MMEmaxlikelihood - 2011 Steven Tschantz Maximum-likelihood...

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© 2011 - Steven Tschantz Maximum-likelihood estimation Steven Tschantz 3/22/11 Problem A mathematical model of a real world situation will often be defined with one or more free parameters to be calibrated to observed data. Rarely do we expect a model to fit the observed data exactly however. Measurements are subject to some error, not all factors determining an outcome will be known or observable, and randomness is an essential part of real world phenomena. A statistical model includes random factors in its specification. But observed samples will generally not deter- mine parameters of a statistical model uniquely. The problem is how to estimate the parameters for a statistical model. Method While there are many methods for estimating the parameters of a statistical model, and many criteria for judging such methods, this notebook will concentrate on a particular method applicable to many problems which is based on a simple heuristic. For given parameters, a statistical model should predict the probability of a particular observation. While a single observation may give a highly unusual result, one with a low probability, repeated trials should reflect the probabilities predicted by the model. One set of values of parameters might thus be considered a better estimate of the true parameters if the model with those parameter values predicts a higher probability for the actual observations. Maximum-likelihood estimation takes for parameter estimates the values of the parameters in the model that make the observed data the most likely. For details see wikipedia, here are the basics. Let Θ be a vector of parameters of a statistical model, and x be a vector of observed quantities in the model. The model should assign a probability density f H x ; Θ L to the observation of x . Suppose we make n observations x 1 , x 2 , . .., x n , assumed to be identically and independently distributed according to the probability density function f H x ; Θ L for some "true" but unknown values of the parameters Θ . We define the likelihood of the parameters being Θ given the observations x 1 , x 2 , . .. to be the probability of these observations, L H Θ ; x 1 , x 2 , ..., x n L = ± i = 1 n f H x i ; Θ L . A maximum-likelihood estimator for the model is a function that determines, as a function of the observations x 1 , x 2 , . .., a set of parameters Θ that maximize this likelihood (often uniquely determined). The Θ that maximizes the likelihood will maximize the average log-likelihood { H Θ ; x 1 , x 2 , ..., x n L = 1 n log H L H Θ ; x 1 , x 2 , ..., x n LL = 1 n ² i = 1 n log H f H x i ; Θ LL and this will often be more convenient to work with. Adjusting L by a constant multiple, or adding a constant to { will not change the values of Θ giving the maximum.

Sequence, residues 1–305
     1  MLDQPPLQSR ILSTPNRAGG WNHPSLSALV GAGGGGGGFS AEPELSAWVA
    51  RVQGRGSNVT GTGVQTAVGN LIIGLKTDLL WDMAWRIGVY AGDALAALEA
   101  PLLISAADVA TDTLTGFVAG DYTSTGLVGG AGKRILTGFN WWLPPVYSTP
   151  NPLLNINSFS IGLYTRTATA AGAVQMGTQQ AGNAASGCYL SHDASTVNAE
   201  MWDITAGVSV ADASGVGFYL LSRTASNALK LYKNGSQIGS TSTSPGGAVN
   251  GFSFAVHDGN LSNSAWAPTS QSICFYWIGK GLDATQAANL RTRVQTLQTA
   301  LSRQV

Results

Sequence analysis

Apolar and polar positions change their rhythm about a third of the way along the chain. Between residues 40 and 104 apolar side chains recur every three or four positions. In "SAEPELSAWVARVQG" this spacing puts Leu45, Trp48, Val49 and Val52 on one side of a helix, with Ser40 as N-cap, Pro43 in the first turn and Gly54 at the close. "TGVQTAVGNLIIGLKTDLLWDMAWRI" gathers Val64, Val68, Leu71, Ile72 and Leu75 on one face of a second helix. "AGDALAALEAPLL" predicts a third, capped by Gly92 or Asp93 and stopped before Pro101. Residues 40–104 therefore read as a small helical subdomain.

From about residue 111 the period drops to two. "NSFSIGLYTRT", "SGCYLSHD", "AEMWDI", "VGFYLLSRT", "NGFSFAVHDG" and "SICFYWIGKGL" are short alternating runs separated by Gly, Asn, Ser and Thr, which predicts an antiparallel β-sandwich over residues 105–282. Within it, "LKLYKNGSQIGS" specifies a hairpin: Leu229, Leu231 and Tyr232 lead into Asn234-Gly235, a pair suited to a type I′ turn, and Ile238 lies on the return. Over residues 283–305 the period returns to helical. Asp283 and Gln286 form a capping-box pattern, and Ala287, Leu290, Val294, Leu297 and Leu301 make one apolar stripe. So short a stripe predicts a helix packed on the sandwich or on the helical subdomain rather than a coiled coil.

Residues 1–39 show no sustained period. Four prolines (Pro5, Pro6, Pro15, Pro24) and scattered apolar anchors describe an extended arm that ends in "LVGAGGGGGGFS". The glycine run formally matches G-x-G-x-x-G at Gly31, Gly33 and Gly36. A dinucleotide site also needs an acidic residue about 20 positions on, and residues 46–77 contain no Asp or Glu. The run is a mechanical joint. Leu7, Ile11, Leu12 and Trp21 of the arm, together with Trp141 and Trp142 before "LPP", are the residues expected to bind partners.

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Example - Binomial distribution For many simple models, the maximum-likelihood estimator can be simply understood. Suppose we model the flip of a coin as coming up heads with some probability
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MMEmaxlikelihood - 2011 Steven Tschantz Maximum-likelihood...

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